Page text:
hazards associated with an arc-blast are:
– Thermal radiation
– Pressure Wave
– Projectiles
Facilities Management
UW-Eau Claire
General Work Practices
• Turn on a circuit breaker or disconnect, place
hand on device, stand to the side, turn/flip switch
• Use of metal ladders near exposed
electrical devices is prohibited
• Remove all metal jewelry such as
watch, ring, necklace, etc. prior to
work on or near exposed electrical.
• Work with one hand wherever possible
(one hand behind back to prevent path to ground)
Facilities Management
UW-Eau Claire
General Work Practices Cont.
• Do NOT touch anything electrical while standing
in a wet area or with wet hands.
• Do NOT reach blindly into an area that could
contain exposed electrical conductors.
• Do NOT overload specified circuit ratings.
• Do NOT use electrical equipment while touching
metal or other conductors.
• Do NOT allow combustible or flammable
materials near exposed energized electrical
components.
Facilities Management
UW-Eau Claire
General Work Practices Cont.
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Never remove the third prong from plugs
Use insulated tools properly
Never string electrical cords together
Keep all areas dry when working
Make sure cords & ground conductors are in
good condition
• Always use surge protectors
• Never pull the plug out by the cord
Facilities Management
UW-Eau Claire
General Work Practices Cont.
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•
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Use only 3-pronged plugs with cord application
Follow approach distances specified
Obey all warning signs
Barricades (plastic yellow chains or caution tape)
will be used to prevent access to areas with
exposed energized electrical
• GFCI protection is REQUIRED to be used when
using hand/portable power tools
• Insulated tools are required to be used when
working on voltage exceeding 50 volts and will
be provided by the immediate supervisor
Facilities Management
UW-Eau Claire
General Work Practices Cont.
• Ground Fault Circuit Interrupters (GFCI) must be
used in the following circumstances
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Hand-held electric power tools
Extension cords
Temporary lighting
Damp or wet areas
Outside any building
Portable Power Generators
• Test the GFCI prior to use
Facilities Management
UW-Eau Claire
Ground prong missing on
three-prong plugs.
Some tools are double
insulated and won’t have a
ground prong. That’s OK.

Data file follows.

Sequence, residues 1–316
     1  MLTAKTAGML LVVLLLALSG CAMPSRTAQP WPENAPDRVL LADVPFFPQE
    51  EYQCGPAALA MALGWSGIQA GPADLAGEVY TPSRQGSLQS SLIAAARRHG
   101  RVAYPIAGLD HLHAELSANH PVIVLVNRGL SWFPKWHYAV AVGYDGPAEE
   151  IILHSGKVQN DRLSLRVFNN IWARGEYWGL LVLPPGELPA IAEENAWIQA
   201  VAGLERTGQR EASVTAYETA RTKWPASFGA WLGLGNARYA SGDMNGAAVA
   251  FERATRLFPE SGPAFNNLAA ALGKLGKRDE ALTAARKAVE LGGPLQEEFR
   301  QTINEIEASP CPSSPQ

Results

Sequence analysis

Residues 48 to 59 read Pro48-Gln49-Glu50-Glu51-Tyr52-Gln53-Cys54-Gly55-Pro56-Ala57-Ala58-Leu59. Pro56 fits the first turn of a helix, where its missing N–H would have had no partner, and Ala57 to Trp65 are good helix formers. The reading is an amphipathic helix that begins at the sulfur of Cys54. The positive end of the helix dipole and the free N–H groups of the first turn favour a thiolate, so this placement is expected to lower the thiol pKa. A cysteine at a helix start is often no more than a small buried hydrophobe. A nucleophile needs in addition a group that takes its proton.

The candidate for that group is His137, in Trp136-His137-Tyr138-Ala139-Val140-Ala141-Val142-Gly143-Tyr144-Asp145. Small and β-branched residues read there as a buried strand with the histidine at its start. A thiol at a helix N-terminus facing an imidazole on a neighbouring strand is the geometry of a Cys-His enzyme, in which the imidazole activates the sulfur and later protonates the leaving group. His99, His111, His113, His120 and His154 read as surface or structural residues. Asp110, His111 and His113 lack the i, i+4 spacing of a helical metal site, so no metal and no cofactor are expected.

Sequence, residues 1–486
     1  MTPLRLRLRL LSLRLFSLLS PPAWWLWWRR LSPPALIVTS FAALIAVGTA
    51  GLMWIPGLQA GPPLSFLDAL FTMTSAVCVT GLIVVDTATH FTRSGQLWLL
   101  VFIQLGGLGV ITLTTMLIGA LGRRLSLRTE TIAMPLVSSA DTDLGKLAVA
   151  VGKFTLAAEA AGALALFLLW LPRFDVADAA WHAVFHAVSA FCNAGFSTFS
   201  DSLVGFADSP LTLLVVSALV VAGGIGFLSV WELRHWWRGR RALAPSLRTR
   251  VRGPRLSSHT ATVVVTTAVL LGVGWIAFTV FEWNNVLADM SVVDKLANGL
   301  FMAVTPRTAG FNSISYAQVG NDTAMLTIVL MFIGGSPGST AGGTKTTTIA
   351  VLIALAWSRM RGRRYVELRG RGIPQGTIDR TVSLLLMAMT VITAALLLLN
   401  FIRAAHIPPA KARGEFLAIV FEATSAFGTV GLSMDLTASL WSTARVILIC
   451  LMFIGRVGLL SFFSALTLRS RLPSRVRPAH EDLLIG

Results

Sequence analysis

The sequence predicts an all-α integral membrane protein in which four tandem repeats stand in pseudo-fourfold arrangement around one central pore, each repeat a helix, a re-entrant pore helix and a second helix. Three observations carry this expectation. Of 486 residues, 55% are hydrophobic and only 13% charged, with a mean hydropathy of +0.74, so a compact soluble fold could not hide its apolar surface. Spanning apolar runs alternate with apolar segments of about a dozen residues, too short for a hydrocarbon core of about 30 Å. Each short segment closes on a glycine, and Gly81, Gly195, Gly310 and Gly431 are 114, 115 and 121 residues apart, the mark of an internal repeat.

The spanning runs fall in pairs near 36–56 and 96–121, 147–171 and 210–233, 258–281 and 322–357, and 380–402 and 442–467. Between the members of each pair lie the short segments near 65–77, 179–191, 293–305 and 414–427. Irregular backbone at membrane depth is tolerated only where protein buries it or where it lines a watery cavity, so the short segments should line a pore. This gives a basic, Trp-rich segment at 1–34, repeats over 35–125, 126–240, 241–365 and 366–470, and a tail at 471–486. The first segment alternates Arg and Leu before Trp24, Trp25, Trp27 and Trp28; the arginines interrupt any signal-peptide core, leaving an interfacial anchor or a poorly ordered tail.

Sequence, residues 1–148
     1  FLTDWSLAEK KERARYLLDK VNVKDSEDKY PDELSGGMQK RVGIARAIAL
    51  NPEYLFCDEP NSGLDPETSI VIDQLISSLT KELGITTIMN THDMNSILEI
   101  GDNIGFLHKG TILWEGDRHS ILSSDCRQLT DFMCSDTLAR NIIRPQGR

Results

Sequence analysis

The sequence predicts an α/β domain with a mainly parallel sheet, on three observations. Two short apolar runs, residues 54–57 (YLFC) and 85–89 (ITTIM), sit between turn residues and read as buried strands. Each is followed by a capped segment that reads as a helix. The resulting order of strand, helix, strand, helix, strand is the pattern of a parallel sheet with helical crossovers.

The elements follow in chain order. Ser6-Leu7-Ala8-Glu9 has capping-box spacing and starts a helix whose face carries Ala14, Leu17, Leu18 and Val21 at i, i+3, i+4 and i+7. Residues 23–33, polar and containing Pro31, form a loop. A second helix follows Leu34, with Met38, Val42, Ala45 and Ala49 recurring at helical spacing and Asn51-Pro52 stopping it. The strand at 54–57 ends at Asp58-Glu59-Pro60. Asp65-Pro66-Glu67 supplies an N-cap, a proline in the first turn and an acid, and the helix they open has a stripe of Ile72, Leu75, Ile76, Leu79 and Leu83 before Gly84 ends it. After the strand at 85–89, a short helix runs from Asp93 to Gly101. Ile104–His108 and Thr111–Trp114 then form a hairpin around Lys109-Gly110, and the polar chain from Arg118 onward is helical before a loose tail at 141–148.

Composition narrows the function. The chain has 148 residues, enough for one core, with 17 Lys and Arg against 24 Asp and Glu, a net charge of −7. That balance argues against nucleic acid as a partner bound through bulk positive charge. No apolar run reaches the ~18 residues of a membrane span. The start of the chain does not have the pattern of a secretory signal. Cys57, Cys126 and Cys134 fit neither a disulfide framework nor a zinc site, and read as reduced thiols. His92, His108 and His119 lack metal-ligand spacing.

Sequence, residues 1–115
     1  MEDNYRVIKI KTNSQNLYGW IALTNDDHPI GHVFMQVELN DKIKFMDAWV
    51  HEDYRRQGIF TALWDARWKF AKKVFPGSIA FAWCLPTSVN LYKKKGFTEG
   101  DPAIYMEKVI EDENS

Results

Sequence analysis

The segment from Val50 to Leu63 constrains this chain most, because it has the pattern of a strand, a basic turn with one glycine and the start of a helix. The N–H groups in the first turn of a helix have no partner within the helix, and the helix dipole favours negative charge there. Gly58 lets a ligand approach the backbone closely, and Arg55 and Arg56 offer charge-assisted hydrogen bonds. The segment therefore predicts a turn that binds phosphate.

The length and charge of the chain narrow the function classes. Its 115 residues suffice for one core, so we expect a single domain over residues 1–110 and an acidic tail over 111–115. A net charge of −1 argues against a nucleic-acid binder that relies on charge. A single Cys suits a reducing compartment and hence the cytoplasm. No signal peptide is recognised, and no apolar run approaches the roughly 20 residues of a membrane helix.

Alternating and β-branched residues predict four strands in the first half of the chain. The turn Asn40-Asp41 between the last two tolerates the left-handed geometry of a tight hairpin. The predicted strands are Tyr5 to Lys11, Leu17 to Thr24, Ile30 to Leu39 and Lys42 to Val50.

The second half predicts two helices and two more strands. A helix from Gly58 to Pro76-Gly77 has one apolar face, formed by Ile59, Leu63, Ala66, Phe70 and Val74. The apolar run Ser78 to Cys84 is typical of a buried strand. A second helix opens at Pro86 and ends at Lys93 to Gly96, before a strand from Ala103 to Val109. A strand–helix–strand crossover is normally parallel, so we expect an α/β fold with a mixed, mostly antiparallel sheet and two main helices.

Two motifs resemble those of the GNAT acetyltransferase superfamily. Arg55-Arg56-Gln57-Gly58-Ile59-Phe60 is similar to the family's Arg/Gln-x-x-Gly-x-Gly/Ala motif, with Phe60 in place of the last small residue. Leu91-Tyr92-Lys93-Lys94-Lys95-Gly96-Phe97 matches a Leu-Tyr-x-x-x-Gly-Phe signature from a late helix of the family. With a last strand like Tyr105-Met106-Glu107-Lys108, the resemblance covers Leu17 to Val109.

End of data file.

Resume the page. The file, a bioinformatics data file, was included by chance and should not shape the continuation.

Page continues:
Energized Exposed Parts
• Exposed parts
– They are de-energized, but not locked/tagged are
considered energized, exposed parts
• Live or energized parts
– If exposed live parts are not de-energized, other
safety related work practices shall be used
• De-energized parts
– Live parts which an employee may be exposed
shall be de-energized before an employee works
on or near them
Facilities Management
UW-Eau Claire
Effects on the Human Body
• 1.5 milliamps
– Tingle, Slight shock
• 5 – 10 milliamps
– Shock, inability to let go
• 10 – 50 milliamps
– Painful, serious shock, respiratory difficulty
• Over 50 milliamps
– Possible fatal, loss of muscle control, loss of
breathing and heart functions
Facilities Management
UW-Eau Claire
Electrical Hazard Protections
• Personal Protective Equipment
– Use, store and maintain your electrical PPE in a
safe, reliable condition.
– Wear nonconductive head protection wherever there
is a danger of head injury from electric shock or
burns due to contact with exposed energized parts.
– Wear protective equipment for the eyes or face
wherever there is danger of injury to the eyes or
face from electric arcs or flashes or from flying
objects resulting from electrical explosion.
Facilities Management
UW-Eau Claire
Electrical Hazard Protections
• There are various ways of protecting people
from the hazards caused by electricity.
These include:
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Insulation
Guarding
Grounding
Electrical protective devices
Safe work practices
Facilities Management
UW-Eau Claire
Electrical Hazard Protections Cont.
• Insulation
– Conductors should be covered with some type of
insulation. Insulators are any materials with high
resistance that include:
• Glass, rubber, and plastic.
Facilities Management
UW-Eau Claire
Electrical Hazard Protections Cont.
• Guarding
– Live parts operating at 50 volts or more must be